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Vasco Núñez de Balboa

   

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Vasco Nunez de Balboa
 

Balboa Discovers the South Sea (Pacific Ocean)

 

Vasco Núñez de Balboa was a Spanish explorer (or conquistador) who saw and claimed the Pacific Ocean for Spain. He was born in 1475 in a poor region of Spain known as Extremadura, which was also the home of conquistadors Hernán Cortés, Francisco Pizarro, Hernando de Soto, and Francisco de Orellana. Balboa’s family was poor and he left Spain to seek his fortune in the New World.

Sometime around the year 1500, Balboa joined a Spanish expedition to what is now Colombia. After returning to the island of Hispaniola (which is now Haiti and the Dominican Republic), he attempted to raise pigs but was unsuccessful and accrued significant debt. In 1510, he, along with his dog, Leoncico, stowed away on a supply boat headed for the San Sebastian colony, on the coast of Colombia, in an attempt to escape his creditors. Balboa arrived and found the colony almost abandoned because most of the colonists had been killed by natives. Balboa suggested they move to the western side of the isthmus of Panama, where the natives were more peaceful and the soil was more fertile. Upon their arrival on the isthmus, however, 500 native warriors engaged them in battle. The Spanish prevailed and Balboa founded the first permanent European settlement in the Western Hemisphere and named it Santa María la Antigua del Darién.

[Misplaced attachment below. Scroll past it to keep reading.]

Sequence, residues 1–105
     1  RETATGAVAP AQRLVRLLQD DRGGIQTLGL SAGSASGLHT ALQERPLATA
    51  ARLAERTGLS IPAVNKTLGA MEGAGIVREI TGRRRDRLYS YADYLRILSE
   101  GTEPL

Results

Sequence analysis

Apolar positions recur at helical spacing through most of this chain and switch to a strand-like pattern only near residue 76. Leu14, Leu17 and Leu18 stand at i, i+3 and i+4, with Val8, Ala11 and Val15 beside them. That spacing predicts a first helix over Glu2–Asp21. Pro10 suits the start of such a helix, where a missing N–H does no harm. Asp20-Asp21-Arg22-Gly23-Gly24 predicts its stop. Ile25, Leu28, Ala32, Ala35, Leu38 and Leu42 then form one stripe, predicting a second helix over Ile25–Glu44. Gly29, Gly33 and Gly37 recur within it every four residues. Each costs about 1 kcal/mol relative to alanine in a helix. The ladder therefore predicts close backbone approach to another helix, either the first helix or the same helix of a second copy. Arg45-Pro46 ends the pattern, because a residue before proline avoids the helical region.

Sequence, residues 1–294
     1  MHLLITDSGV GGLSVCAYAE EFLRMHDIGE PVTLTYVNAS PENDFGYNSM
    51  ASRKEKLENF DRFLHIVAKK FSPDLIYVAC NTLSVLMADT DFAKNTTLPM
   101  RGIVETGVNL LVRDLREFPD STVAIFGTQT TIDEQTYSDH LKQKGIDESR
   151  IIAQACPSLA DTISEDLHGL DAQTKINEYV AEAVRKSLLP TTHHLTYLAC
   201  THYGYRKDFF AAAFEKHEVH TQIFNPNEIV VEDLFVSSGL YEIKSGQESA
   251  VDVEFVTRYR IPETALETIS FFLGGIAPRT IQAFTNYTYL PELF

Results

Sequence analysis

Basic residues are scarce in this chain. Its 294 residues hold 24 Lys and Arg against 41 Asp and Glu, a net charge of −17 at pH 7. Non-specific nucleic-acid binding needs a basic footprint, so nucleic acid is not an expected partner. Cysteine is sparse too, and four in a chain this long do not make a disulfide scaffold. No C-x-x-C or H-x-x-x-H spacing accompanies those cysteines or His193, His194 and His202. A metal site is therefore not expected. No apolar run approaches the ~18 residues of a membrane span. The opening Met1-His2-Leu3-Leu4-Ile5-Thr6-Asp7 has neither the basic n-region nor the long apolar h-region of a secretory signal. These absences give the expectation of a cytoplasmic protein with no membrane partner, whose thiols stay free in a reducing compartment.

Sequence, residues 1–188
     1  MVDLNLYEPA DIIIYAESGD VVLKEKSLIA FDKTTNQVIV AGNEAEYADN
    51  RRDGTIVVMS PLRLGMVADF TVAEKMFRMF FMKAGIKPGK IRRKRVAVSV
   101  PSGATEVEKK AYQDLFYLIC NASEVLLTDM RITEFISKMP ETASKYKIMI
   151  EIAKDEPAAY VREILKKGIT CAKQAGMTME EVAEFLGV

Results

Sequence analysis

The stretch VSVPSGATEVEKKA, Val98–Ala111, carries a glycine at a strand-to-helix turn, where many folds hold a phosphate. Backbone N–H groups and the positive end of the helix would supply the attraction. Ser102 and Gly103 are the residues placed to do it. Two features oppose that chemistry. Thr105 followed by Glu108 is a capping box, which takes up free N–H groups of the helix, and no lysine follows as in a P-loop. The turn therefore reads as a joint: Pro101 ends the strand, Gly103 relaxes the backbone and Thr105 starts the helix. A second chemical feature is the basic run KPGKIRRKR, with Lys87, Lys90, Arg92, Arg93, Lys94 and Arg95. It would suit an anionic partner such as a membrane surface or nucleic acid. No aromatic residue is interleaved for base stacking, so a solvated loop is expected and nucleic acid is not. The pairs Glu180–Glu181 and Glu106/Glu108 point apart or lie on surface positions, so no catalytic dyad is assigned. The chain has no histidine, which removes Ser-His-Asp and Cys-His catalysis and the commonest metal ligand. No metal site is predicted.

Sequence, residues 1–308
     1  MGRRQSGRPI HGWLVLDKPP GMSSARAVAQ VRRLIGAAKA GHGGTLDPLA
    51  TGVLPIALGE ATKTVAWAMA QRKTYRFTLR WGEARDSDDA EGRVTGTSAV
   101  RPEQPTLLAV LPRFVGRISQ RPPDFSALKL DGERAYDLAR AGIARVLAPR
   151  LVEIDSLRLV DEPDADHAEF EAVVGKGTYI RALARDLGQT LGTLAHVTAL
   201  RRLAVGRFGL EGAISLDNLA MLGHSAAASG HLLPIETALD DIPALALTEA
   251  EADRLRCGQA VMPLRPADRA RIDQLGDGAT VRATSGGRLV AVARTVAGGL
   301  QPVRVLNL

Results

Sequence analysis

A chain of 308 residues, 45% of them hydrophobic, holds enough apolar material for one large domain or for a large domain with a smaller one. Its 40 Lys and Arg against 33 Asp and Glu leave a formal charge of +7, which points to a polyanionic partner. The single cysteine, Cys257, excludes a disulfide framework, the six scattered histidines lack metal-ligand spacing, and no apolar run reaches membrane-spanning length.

In 1513, Balboa led an expedition to search for gold across the isthmus of Panama, based on information obtained from local natives. His expedition included 190 Spaniards, several native guides, and a pack of dogs. After three grueling weeks through the dense jungle and several deadly battles with natives along the way, Balboa sighted the Pacific Ocean, then known as the South Sea, on September 25, 1513. He claimed the ocean and all adjoining land for Spain. He became the first Spanish explorer to sight the Pacific Ocean from the New World. His discovery paved the way for additional Spanish exploration of the west coast of South America.

In 1514, King Ferdinand II appointed Pedro Arias Dávila as the new governor of Darien. Balboa himself was named the governor of Panama and Coiba but would be subordinate to Dávila. In 1517, Dávila, who was threatened by and jealous of Balboa, reluctantly gave him permission to begin a second expedition to conquer the Pacific Ocean and surrounding lands. In order to stage the expedition, Balboa’s ship would be carried in pieces across the isthmus of Panama, through the jungle, and over the mountains, to be reassembled on its Pacific coast. During Balboa’s expedition, however, Dávila began scheming against him and had him arrested for treason in 1519. In the unjust trial that ensued, tried by a close ally of Dávila, Balboa was convicted and beheaded, along with four of his fellow explorers.